To many, Mauna Kea is more than just a mountain or a scientific holy grail. It is a history. Polynesian folklore tells stories of how Maunakea was the child of Papa-- mother Earth-- and Wākea-- father of the Sky or Heaven, who were both deities of creation. Mauna Kea as a place then served as a bridge between the two realms and also symbolized the beginning of life. For this, indigenous peoples worshipped Mauna Kea and treated it with the utmost respect. Additionally, in the winter months when snow presented itself on the mountain tops, Native Hawaiians paid respect to Poliʻahu, Snow Goddess of Hawaii, who blessed the islands with snow and ice. These myths and stories became a large part of Hawaiian culture and influenced many. Some royalty underwent a difficult yet humbling trek to the mountains peak to rejuvenate and pay homage to their ancestors and Gods. Families honored their loved ones with spiritual burials and the creation of totems and other memorial altars.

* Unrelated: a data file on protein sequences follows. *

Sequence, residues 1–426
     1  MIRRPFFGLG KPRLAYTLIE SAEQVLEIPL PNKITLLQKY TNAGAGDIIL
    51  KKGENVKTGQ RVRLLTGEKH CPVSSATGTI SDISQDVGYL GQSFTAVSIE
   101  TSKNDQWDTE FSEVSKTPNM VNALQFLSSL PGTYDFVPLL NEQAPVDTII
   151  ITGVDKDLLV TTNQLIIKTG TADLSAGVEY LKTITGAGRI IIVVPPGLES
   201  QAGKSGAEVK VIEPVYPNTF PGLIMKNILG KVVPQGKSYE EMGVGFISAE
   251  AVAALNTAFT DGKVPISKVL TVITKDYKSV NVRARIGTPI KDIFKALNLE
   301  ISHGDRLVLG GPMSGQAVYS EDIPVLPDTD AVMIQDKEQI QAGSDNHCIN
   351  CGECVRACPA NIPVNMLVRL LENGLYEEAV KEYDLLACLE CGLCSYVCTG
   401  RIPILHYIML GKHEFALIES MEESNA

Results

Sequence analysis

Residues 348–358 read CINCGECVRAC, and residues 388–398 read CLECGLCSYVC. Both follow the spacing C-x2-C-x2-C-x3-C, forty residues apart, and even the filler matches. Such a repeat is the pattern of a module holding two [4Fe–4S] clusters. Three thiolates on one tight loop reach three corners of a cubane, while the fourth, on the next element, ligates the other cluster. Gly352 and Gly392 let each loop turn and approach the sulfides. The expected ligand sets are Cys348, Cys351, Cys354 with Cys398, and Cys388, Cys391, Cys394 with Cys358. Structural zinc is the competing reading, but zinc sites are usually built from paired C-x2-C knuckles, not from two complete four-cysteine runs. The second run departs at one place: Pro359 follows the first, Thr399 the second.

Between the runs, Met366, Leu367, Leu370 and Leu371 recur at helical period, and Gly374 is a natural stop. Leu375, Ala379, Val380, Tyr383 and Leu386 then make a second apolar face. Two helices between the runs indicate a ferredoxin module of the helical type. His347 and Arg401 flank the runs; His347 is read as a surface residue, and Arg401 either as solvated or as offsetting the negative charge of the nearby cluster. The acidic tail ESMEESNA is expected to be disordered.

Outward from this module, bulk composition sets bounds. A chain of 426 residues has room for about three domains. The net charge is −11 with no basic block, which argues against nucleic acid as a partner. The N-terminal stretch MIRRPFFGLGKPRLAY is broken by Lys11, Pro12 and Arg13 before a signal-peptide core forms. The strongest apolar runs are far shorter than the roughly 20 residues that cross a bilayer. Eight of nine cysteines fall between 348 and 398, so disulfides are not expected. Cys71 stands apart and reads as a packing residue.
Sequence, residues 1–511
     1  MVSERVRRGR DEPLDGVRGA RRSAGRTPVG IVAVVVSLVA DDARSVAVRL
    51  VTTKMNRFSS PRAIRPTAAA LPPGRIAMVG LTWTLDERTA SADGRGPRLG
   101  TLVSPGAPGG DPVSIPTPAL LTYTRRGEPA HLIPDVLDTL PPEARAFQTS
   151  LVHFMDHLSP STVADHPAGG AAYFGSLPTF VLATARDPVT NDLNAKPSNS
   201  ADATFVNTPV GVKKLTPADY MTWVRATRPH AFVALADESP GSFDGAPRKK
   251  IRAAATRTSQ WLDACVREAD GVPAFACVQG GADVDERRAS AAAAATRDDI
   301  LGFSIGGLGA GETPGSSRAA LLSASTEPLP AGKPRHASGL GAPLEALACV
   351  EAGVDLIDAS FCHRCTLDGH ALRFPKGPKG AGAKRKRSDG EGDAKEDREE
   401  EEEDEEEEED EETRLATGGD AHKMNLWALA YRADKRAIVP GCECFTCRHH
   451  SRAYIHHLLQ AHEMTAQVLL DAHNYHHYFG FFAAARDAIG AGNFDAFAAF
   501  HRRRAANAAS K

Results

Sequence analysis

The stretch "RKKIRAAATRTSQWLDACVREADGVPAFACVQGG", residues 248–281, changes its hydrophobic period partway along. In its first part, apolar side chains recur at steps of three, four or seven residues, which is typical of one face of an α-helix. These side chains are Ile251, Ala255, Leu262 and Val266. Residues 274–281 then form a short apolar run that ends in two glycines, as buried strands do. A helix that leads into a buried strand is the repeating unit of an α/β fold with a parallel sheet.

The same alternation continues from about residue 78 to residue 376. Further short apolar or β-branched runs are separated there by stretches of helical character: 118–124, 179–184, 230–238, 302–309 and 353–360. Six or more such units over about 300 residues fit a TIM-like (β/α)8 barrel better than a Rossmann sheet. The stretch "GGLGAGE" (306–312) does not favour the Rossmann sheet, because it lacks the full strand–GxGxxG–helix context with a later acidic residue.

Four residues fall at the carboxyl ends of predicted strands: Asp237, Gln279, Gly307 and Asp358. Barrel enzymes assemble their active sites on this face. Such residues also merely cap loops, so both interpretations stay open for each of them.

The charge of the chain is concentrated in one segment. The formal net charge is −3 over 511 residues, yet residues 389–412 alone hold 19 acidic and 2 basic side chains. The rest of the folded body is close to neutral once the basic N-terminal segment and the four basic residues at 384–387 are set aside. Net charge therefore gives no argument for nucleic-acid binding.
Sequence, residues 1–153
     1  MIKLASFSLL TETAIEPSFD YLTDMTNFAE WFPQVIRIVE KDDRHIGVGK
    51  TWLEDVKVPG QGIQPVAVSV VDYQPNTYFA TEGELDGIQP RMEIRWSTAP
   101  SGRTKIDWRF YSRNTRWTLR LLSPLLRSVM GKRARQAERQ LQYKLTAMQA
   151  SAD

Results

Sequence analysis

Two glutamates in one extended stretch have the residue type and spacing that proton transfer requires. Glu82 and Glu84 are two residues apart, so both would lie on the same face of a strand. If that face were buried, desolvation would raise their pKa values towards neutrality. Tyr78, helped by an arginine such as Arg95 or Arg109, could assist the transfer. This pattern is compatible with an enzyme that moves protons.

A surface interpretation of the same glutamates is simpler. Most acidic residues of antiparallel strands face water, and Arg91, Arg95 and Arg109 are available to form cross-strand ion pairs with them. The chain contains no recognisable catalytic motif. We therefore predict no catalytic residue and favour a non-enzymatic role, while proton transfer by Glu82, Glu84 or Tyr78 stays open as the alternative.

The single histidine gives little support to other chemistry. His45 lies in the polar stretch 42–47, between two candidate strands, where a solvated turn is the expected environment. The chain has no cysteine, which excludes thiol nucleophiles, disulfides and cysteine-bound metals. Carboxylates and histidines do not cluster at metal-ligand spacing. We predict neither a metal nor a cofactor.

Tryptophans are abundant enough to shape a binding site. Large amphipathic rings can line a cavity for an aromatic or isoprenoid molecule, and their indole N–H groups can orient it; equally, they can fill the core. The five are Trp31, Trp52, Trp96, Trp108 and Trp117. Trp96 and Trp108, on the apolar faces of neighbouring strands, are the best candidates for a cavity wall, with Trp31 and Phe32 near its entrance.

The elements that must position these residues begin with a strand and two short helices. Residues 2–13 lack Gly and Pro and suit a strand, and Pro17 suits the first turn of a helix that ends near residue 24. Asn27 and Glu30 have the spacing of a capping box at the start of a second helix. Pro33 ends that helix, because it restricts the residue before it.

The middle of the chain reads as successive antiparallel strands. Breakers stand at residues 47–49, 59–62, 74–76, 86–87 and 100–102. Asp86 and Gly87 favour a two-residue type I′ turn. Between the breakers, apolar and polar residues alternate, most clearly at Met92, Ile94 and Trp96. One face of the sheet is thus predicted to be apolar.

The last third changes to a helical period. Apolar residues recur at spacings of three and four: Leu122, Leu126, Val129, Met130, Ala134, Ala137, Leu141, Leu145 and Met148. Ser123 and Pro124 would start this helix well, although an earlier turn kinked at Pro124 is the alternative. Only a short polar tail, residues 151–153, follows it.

Today, this love and respect for Mauna Kea persists and is stronger than ever, especially with all of the controversy of the Thirty Meter Telescope. The Thirty Meter Telescope (TMT) is the newest proposed project to be built on Mauna Kea. First proposed in the late 2000s, it would be the 14th telescope in this long history of land development and mismanagement. The TMT would also be the largest land observatory today allowing a great deal of research to take place. As stated on the TMT official website, “The TMT telescope will provide extremely sharp images that will allow astronomers to see much fainter and more distant objects than possible with existing telescopes, and to study them in greater detail. This represents the possibility of pushing our vision farther into space and our understanding farther back in time to help answer fundamental questions about the universe. It is very likely that TMT will enable discoveries that we cannot even begin to anticipate today.” However, for residents of Hawaii and those deeply engaged with Hawaiian culture, these insights do not seem to outweigh their concerns and should not be prioritized because they are situated in academia. Some of the current concerns Native Hawaiians and other involved parties have include: how this telescope will desecrate sacred land if built on the summit or near altars, how building one telescope invites future projects to be constructed, and how natural resources will be disrupted. These concerns led to widespread protest and objection in Hawaii and around the world. So when construction was announced to begin in July 2019, the public was determined to shut it down and organized an act of civil disobedience to block the roads leading up to the construction site, preventing any materials or workers from getting to and working on the project.